Agonising wait for buses in Calcutta – Telegraph India

Kolkata News

Commuters across the city on Monday had to put up with an agonising wait at bus stops as most private buses stayed off the roads and the ones run by the government had all seats occupied.

Autorickshaws — only two passengers are allowed in each — often proved a costly alternative for many. At some places, taxi drivers switched to “shuttle mode”, often carrying three passengers for a price.

Chief minister Mamata Banerjee had said on May 29 that buses, private and government-owned, would ply from June 1 and be allowed to ferry as many passengers as the number of seats. No one will be allowed to stand.

Commuters from across the city said they had to wait at bus stops for long periods, wondering whether they would at all reach their destinations, as the government buses that came had no vacant seat left.

At several key pockets such as Esplanade, Shyambazar, Ruby and Maniktala, anxious commuters were seen waiting for buses till late in the evening.

Every time a bus arrived, passengers ran desperately to board it. On most occasions, the conductor would prevent them from boarding as all seats were occupied.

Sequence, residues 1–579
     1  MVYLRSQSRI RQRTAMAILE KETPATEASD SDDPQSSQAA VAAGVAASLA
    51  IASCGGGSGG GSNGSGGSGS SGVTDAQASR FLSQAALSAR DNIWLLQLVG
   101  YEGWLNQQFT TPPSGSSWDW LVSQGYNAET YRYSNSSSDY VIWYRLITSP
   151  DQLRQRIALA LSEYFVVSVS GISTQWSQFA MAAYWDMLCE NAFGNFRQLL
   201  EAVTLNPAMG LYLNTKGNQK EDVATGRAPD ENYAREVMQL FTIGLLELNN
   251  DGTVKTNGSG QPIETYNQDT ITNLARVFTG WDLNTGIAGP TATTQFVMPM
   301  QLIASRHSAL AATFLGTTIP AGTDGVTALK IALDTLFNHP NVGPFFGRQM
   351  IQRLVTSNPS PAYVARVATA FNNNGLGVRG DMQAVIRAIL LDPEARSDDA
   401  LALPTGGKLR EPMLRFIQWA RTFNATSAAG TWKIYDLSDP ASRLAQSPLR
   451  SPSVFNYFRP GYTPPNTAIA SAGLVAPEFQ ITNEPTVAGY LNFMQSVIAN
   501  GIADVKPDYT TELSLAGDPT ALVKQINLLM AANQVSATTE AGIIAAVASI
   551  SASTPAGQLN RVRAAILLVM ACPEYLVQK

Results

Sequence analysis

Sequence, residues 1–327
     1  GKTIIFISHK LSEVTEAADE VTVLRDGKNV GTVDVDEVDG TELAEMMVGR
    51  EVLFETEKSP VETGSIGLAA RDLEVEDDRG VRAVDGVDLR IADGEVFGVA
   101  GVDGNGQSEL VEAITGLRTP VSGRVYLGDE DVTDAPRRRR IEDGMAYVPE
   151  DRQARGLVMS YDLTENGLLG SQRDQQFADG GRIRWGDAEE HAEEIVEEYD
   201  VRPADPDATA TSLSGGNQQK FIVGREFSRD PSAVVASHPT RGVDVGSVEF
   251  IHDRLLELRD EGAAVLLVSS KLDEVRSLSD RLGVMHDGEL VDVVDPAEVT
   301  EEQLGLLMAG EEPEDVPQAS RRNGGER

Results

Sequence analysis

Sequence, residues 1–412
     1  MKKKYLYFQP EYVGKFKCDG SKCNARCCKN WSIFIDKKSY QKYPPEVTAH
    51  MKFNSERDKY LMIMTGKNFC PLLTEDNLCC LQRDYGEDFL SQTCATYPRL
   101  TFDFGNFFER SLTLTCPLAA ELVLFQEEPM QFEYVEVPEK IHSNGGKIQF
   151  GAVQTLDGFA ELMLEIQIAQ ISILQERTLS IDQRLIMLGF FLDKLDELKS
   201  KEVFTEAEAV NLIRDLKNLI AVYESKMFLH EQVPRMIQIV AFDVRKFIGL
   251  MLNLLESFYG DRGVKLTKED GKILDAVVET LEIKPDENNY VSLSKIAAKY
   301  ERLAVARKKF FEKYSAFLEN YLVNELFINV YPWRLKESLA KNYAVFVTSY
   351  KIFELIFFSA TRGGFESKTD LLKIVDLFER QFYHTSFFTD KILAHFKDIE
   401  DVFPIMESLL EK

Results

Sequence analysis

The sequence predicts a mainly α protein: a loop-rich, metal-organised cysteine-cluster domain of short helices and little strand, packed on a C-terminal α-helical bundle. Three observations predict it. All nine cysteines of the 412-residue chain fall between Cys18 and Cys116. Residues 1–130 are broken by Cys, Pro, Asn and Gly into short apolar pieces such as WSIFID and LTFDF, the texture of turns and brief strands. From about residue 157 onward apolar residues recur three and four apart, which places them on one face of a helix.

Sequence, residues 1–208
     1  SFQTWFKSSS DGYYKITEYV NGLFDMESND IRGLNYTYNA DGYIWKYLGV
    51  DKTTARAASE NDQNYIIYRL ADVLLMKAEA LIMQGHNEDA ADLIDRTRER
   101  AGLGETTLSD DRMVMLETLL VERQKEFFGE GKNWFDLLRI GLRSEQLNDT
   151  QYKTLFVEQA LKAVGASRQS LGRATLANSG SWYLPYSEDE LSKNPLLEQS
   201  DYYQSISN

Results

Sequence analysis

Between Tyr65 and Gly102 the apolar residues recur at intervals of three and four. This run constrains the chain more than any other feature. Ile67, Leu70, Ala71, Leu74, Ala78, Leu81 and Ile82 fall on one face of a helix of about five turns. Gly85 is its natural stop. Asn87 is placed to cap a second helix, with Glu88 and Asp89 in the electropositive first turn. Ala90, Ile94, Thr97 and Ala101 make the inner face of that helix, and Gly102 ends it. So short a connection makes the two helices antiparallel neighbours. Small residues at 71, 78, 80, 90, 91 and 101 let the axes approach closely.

“I have been waiting for almost 20 minutes and not a single government bus stopped,” Gopal Chandra Ghosh said while waiting at a bus stop on SP Mukherjee Road around 11am. “My employer has opened his shop at New Market. I don’t know how to reach there.”

Unable to board buses, many wondered whether it was the right decision to step out.

“I have to buy some fittings for my bathroom from a shop on Rashbehari Avenue and it’s urgent. The government buses are full and autorickshaws are charging Rs 20 till Gariahat,” said Gaurav Sen, a resident of Narkelbagan in Kasba. A little past noon, Sen said he would have possibly done better if he had stepped out earlier.

Along most thoroughfares, including Beleghata Main Road, Narkeldanga Main Road, APC Road and RG Kar Road in the north, and AJC Bose Road, Diamond Harbour Road and Rashbehari Avenue in the south, waiting commuters had to hear “hoye gyachhey hoye gyachhey” from the drivers, as they drove through.

The transport department ran more than 400 buses on 40 routes in Calcutta and its adjoining areas, including parts of Shakuntala Park in Behala, Kamalgazi in Garia, Dunlop, Ariadaha and New Town, between 7am and 7pm.

“We tried to reduce the gap between two buses on a route to 20 minutes,” a transport department official said. “But since passengers are not allowed to stand, demand far outstrips supply.”

Around 9,000 private buses operate in and around Calcutta, comprising nearly 65 per cent of the buses in the city. On Monday, a handful of private buses came out but that hardly made any difference.

“We wanted to check the number of passengers willing to take a bus ride seating side by side,” said Rahul Chatterjee of Bus Minibus Samanoy Samity. “The response was not very encouraging.”